EasyB: Yes, the FET has a higher resistance, because it had to be smaller. But the driver is good for 10+ Ampere, as several people meanwhile measured (one even 11.5A).
Thermal regulation works smoothly, i.e. does not jump in steps of those levels. The algorithm seems to work well under a wide range of thermal conditions and setups, so I’d say it’s not important to improve thermal contact of the MCU to the LED. If the control behaves oddly, you could try that though.
Semi-turbo should be halfway between 100% and turbo – though that might vary a bit due to non-linearities in direct drive.

xcentric
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so, when does production start? Big Smile

Gunga
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I’ll need a couple at least!

PrinceValorum
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DrJones wrote:
I’m glad you like it Smile

PrinceValorum: The voltage measurement depends on an internal voltage reference in the MCU, which is known to vary a bit – in uncommon cases up to 10% – you probably got one of these Sad Can’t do much about it. Calibrating each MCU would mean too much hassle (and increase the price…), and there’s no space for a better external voltage reference on the board.

No worries, I was just wondering. As long as it’s consistent over time, I don’t really care what the values are, I’ll learn them as I go!

DrJones wrote:
Lowest two modes: These two modes are the lowest possible PWM modes for the single AMC7135. The AMC7135 takes about 2µs to switch on, and the lowest mode sort of switches it off again right then. The second mode already gives the AMC time enough to really switch on, that’s why that step is quite big.

Okay, I figured it must have been a limitation of something rather than a design decision, since the step between mode 1-2 is bigger than 2-3, according to this table:

xcentric wrote:
so, when does production start? Big Smile

They’re in stock! http://www.mtnelectronics.com/index.php?route=product/product&product_id...

Swib
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They are available at Mountain right now! I might have to get one even though I’ve way overblown the budget already.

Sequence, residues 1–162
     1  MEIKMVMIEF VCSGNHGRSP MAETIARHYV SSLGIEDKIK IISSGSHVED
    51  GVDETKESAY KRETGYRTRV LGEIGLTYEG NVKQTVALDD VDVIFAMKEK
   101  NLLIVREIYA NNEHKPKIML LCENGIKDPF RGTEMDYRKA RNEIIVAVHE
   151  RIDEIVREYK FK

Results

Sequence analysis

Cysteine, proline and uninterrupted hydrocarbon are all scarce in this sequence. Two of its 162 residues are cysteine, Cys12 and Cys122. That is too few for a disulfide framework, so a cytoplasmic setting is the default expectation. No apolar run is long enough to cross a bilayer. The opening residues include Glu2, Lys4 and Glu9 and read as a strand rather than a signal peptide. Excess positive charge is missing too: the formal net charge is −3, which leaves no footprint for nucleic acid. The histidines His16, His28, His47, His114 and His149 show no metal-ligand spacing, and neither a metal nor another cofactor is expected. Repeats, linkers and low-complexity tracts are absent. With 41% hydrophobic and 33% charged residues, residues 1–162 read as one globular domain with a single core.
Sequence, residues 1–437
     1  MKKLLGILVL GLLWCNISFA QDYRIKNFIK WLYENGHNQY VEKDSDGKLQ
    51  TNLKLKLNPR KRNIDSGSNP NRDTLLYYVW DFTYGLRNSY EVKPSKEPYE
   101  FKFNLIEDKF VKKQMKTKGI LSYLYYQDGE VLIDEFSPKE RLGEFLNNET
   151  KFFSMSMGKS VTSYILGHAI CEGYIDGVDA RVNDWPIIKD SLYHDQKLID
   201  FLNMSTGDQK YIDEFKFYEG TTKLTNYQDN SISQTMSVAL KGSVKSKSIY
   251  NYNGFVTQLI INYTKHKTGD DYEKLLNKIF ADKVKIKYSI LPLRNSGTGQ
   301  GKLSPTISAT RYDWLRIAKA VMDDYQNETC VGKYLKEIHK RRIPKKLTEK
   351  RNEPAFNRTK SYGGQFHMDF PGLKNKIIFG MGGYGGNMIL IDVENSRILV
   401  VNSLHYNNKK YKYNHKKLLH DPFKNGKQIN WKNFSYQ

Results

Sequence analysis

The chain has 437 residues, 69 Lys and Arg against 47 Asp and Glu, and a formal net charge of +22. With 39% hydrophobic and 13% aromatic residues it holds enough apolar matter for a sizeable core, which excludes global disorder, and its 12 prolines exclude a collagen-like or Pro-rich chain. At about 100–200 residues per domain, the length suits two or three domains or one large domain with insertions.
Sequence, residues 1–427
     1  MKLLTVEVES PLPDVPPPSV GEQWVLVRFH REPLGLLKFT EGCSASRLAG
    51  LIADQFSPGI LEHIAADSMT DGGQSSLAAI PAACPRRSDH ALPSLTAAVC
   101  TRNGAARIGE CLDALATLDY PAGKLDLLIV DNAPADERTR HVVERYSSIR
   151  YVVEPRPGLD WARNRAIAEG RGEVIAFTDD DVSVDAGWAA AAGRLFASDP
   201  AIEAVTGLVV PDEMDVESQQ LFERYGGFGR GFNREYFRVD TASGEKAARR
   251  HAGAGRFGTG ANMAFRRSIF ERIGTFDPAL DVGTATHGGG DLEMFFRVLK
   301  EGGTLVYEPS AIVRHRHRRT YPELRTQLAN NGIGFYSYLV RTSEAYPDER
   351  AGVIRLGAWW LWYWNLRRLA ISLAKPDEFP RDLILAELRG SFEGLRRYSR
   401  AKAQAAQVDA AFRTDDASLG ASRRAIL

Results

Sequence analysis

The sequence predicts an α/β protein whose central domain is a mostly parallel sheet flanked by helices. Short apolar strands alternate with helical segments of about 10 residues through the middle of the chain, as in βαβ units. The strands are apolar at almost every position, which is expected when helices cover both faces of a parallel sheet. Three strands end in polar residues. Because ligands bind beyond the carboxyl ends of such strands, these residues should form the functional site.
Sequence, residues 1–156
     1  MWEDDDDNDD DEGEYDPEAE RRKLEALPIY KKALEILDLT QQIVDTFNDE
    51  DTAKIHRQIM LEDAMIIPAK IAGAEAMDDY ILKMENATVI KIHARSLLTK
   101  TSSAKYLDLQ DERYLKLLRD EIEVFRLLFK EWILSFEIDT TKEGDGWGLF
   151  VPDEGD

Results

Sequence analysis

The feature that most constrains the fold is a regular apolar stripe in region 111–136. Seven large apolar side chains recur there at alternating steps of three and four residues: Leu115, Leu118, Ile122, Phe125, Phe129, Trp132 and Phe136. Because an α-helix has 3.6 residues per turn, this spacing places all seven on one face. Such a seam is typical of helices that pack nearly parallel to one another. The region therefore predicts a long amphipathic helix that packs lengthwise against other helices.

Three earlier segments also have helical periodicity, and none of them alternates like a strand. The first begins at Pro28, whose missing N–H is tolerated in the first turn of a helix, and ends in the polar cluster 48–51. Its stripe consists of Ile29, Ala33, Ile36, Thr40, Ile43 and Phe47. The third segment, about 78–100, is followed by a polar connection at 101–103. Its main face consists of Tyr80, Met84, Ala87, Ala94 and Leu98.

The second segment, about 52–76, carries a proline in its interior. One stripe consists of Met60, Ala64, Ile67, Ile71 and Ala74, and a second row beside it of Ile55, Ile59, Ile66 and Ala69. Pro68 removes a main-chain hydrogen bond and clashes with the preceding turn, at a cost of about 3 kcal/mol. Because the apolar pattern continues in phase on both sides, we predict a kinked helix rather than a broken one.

If you don’t like what it looks like on the wall, take it outside.

Gunga
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A bit more than expected but this is a premium driver. Much cheaper than a Prometheus Icarus driver and likely better anyways. Gives me a reason to order a few more things from mtn electronics.

Cool.

Gunga
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Are there any estimates on how low the lowest few modes are?

PrinceValorum
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Gunga wrote:
Are there any estimates on how low the lowest few modes are?

I’m going to guess it will depend on the emitter quite a bit. I’m using it in an XP-L triple.

I posted a picture above of the lowest mode compared to 1 lumen in the S30 Baton.

It visually looks like about half the light compared to the lowest mode of my Wizard Pro (warm), which is 0.2 lumens, according to the manual.

Hope that helps!

RMM
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The lowest few modes are very low.  A very nice moonlight, for sure. 

I am surprised you are seeing such a small difference in DD output.  In my triple XP-L and Nichia 219C lights the difference in output amps is much bigger than what PrinceValorum is seeing.  That said, a big jump in amps on the high-end does not equate to a big increase in visual output, so in most cases it isn't a huge deal.  

The temperature sensor is very smooth, but it will let the small triples overshoot the set point by a significant margin; in cases with large temperature swings the driver is too smooth and does not ramp down fast enough.  It still will not badly overheat, but it overshoots more than I'd like to see happen.  An algorithm adjustment that allows for bigger steps when the temperature increases past the set point by a significant margin or at a significant rate would certainly help alleviate the problem; i.e., smoother at normal temperature increases, but bigger steps with rapid swings.

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EasyB
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Thanks for the additional info, everyone. I looked up some MOSFET resistances and it looks like the one used in this driver has 25 to 30 mOhms on-resistance. I think the dedicated FET drivers have less than 10 mOhms? An additional 20 mOhms is like having an additional tailcap in the circuit. Not too bad but enough to cause a significant drop in current, as people seem to experience. I think I will use a FET driver for my triple/quad just because I want it to be a little lumen monster. Looks like I have good excuse to build a nice C8 with the H17F 8-) .

The double-tap feature is one thing I really like about the FW. How quick do the taps need to be to access this mode? Is it easy to accidentally access this mode when switching modes quickly?